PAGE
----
Coreopsis rosea

Taisha is both the photographer and writer for today’s entry (photos are from last autumn). She writes:

Coreopsis rosea, or the pink tickseed, is a perennial species in the Asteraceae. This taxon is found on sandy shores or marsh edges of coastal eastern North America, in three disjunct groupings: 1) Nova Scotia, Canada; 2) Massachusetts to Delaware, USA; and 3) South Carolina & Georgia, USA. It is also an ornamental species of gardens. Plants bear composite inflorescences, with pink (to white) ray flowers surrounding yellow disc florets. Stems are 10-60 cm in height and lined with a series of oppositely-arranged linear-lanceolate leaves. The dry fruits (cypselae) are oblong without wings or pappi (modified calyces).

The pink tickseed is globally rare. In Canada, it is a federally endangered species (latest assessment: 2013), occurring only at the northern limit of the plant community termed the Atlantic Coastal Plain Flora (ACPF) (a region which extends south to Florida). This floral group is threatened mainly due to habitat loss along the American eastern seaboard and adjacent Canada. In Nova Scotia, dams are of particular concern, as their placement often corresponds with watershed lakes that serve as habitat for species of the ACPF. Over half of the most important shorelines on watershed lakes in Nova Scotia have been lost as ACPF habitat. As Coreopsis rosea is at its northernmost limit in Nova Scotia, it is thought that length of growing season may be a determining factor for its distribution and abundance, as well as other species in the community.

In a study by Lusk & Reekie from the Acadia University Department of Biology, the researchers sought to test the effects of length of growing season (particularly with respect to hydrology and flooded conditions) on species from the ACPF including Coreopsis rosea. The hope was to gain a better understanding of the limiting variables affecting this group to better manage and maintain the plant community.

Beginning at the end of June 2004, Lusk & Reekie transplanted Coreopsis rosea (along with Hydrocotyle umbellata) at three lakes with different hydrological regimes within southwestern Nova Scotia’s Tusket River system. The transplants were planted at several depths on three different occasions using four week intervals. The researchers visited the plants every two weeks, only ceasing over the winter months. Water levels, plant survival, flowering, and plant growth were measured, observed and recorded. At the end of August 2005, the transplants were harvested, dried, and weighed. It was found that transplant date and depth both affected the biomass and flowering of Coreopsis rosea with results varying at each of the lakes. In general, transplants planted higher on the shoreline and earlier in the year were both larger and more copiously flowering than those planted lower along the lakeshores or later in the year.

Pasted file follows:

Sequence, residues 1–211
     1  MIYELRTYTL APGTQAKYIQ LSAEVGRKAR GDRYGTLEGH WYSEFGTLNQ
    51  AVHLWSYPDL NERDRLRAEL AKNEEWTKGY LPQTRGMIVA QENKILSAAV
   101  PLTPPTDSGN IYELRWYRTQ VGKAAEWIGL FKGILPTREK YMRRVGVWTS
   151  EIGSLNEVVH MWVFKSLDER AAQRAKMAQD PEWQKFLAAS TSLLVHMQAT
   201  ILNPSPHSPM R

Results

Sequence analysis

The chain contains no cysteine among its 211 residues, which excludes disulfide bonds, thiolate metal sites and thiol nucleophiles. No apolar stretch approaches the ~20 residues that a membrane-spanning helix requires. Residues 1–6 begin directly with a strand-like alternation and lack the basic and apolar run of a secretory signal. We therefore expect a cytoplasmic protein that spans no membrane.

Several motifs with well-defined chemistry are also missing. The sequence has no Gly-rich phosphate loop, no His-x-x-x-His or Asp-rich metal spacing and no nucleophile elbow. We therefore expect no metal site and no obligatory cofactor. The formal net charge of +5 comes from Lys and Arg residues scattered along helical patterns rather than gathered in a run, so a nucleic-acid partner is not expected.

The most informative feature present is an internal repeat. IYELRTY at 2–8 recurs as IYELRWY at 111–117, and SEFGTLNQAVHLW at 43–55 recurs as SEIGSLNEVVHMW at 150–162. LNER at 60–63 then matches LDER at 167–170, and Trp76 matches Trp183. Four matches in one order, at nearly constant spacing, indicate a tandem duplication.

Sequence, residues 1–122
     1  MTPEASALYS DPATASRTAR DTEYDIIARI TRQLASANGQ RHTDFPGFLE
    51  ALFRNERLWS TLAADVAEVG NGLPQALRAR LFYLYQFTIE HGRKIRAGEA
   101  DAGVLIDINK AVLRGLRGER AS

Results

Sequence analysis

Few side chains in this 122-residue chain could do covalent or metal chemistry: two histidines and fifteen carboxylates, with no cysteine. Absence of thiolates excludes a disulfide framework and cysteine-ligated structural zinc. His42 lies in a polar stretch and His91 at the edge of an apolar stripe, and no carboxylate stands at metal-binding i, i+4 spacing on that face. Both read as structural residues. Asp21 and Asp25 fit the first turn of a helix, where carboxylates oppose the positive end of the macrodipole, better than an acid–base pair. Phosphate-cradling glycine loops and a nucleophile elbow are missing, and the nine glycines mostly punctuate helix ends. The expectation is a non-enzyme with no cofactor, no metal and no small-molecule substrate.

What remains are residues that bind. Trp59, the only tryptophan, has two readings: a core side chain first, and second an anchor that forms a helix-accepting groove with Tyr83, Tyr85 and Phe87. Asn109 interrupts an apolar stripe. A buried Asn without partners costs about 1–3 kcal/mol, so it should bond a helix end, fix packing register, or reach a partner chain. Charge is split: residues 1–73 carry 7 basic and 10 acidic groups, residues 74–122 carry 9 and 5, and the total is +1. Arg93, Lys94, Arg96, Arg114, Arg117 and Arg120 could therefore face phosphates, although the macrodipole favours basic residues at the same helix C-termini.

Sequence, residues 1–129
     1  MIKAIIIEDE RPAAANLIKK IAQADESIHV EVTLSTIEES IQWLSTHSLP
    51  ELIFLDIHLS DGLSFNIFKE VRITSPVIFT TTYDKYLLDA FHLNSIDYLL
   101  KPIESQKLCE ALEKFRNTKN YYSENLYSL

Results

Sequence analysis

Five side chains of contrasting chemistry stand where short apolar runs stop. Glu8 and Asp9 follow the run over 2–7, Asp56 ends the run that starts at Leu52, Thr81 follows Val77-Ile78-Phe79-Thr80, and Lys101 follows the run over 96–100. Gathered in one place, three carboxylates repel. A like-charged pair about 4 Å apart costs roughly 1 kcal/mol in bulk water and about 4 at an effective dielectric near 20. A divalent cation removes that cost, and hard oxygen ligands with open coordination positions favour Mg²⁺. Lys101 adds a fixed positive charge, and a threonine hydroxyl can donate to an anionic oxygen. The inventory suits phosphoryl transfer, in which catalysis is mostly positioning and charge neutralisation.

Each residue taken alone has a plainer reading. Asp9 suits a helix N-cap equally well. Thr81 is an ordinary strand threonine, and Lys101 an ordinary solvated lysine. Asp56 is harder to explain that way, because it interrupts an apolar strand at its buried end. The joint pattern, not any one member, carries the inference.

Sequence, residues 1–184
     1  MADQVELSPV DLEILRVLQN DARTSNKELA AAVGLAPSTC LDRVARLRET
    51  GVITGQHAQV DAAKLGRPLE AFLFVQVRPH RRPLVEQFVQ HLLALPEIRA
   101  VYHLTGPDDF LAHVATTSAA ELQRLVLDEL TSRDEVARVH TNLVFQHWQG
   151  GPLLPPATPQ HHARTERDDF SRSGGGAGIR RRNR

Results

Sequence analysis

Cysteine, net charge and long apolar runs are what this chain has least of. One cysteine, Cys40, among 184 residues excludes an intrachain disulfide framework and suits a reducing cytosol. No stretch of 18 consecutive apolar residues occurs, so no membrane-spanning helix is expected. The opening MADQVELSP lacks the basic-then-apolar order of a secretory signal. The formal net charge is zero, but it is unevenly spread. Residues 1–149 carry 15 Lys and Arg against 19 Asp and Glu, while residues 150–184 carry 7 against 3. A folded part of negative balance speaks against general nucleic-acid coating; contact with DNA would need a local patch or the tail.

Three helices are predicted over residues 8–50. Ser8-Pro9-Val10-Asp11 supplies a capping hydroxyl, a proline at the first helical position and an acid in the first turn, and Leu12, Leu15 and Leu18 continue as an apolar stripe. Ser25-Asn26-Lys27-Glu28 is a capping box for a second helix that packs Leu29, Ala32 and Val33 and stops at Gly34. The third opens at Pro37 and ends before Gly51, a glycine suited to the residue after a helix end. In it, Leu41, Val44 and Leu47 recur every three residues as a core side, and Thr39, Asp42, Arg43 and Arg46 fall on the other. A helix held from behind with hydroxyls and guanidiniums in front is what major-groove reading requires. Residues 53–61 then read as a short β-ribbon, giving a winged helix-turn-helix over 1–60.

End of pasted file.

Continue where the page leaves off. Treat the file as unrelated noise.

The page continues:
With this information, Lusk & Reekie suggested that dam reservoirs can provide appropriate habitat for certain Coastal Plain species if water levels are managed. They proposed that lowering water levels of reservoirs in the spring and during times of high precipitation would increase growing season and decrease flood stress. The authors also suggested to raise water levels in the autumn to prevent cold damage. Lastly, the researchers suggested their study can be used to address gaps in the ACPF recovery plan (PDF), in order to better help protect and conserve at-risk species within this group (see: Lusk, J, and EG Reekie. 2007. The effect of growing season length and water level fluctuations on growth and survival of two rare species and at risk Atlantic Coastal Plain flora species, Coreopsis rosea and Hydroctyle umbellata. Canadian Journal of Botany. 85(2):119-131).

Coreopsis rosea
Coreopsis rosea

11 responses to “Coreopsis rosea”

  1. Peony Fan

    Lovely photos, especially the upper one where the photographer probably had to crouch way down…thanks. I am glad to hear that people are doing research that can help minimize the damage done by dams to the surrounding habitat.

  2. Lindelani

    Lovely picture. It looks like our indigenous Felicia fruticosa subsp. fruticosa

  3. Souren Ala

    Looks a lot like Cosmos bipinnatus too

  4. Jessica

    That’s lovely.
    I’ve seen this plant pretty regularly at nurseries and in catalogs. I didn’t realize it was a native. Makes me love it even more.
    Thanks!

  5. smallhousebiggarden.wordpress.com

    Lovely photos and info!
    Thank you!

  6. billbarnes

    More importantly than knowing that they will survive being transplanted to specific cites , is the question as to whether they will reproduce and establish new colonies via seed and are appropriate pollinators in the offering . I would hope the work continues

  7. Wendy Cutler

    I’m really enjoying Taisha’s postings. Do we get to keep her?

  8. Daniel Mosquin

    Wendy, I don’t have all of the information I need in front of me to know. For my part, the application for the summertime UBC-subsidized Work-Learn position has gone in, but I won’t know the results for a little while yet. She has been a treasure.

  9. elizabeth a airhart

    lovely pink flowers for my eyes and fine write up lucky us
    leave me to blossomwhere i sprung
    a joy untarnished shall i seem
    pluck me,and you dispel the charm
    and blur the dream
    f l coates
    thank you daniel more then once

  10. Wendy Cutler

    Elizabeth, I’ve been thinking about you lately, how I haven’t seen your name in ages (though I see you did post a comment a few days ago). I’m glad you’re back.

  11. elizabeth a airhart

    thank you wendy i have missed you all
    the computer still iffy but mainly its been me being very iffy
    elizabeth florida usa

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